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I am upgrading a Windows Client application that was earlier .NET 1.1. The previous developer handwrote many solutions that can be done automatically with the newer versions of .NET. Since I am relatively fresh to .NET and do not have the complete overview of the features I am asking here.

What is the most notable classes and syntax features provided in later .NET versions that is likely to swap out handwritten code with features from the library?

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up vote 4 down vote accepted

Biggest changes off the top of my head:

  • Use generic collections instead of ArrayList, Hashtable etc.
  • For C# 3.5, use LINQ instead of manually filtering/projecting
  • Use generic delegates instead of having to declare your own all the time
  • Use anonymous methods instead of creating a one line method used to create a delegate in one place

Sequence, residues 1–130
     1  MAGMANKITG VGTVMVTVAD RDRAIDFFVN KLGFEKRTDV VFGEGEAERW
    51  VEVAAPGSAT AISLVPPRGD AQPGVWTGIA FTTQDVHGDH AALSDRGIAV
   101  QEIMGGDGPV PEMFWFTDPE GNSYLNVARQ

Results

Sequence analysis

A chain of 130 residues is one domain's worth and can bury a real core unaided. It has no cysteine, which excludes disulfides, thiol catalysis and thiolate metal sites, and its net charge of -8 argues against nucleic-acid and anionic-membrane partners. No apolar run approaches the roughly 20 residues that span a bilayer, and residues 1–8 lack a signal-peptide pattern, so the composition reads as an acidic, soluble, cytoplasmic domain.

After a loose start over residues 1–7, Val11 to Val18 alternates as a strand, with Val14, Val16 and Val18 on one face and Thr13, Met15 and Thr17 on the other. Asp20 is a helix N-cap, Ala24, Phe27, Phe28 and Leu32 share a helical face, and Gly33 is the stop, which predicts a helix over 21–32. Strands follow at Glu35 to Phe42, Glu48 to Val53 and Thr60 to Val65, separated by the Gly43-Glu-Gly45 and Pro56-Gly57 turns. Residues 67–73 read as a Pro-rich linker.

• Use BackgroundWorker for WinForms background tasks

Generics is the most wide-reaching change in my view.

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Personally, I would leave any 1.1 code that works fine when compiled with 2.0/3.5. Unless you have the time, anything you rewrite you'll have to test again, and you still may introduce new bugs that your testing can't find.

Things that I'd look to use for future versions though, would be generics and LINQ. Generics with .NET 2, and LINQ with .NET 3.5.

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LINQ was a big leap. Might be possible to use that in some places (e.g. XML code). Also, generics may reduce the need for some classes.

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Also be aware of and test for possible impact of breaking changes between the versions of the framework. A google search should reveal the top issues.

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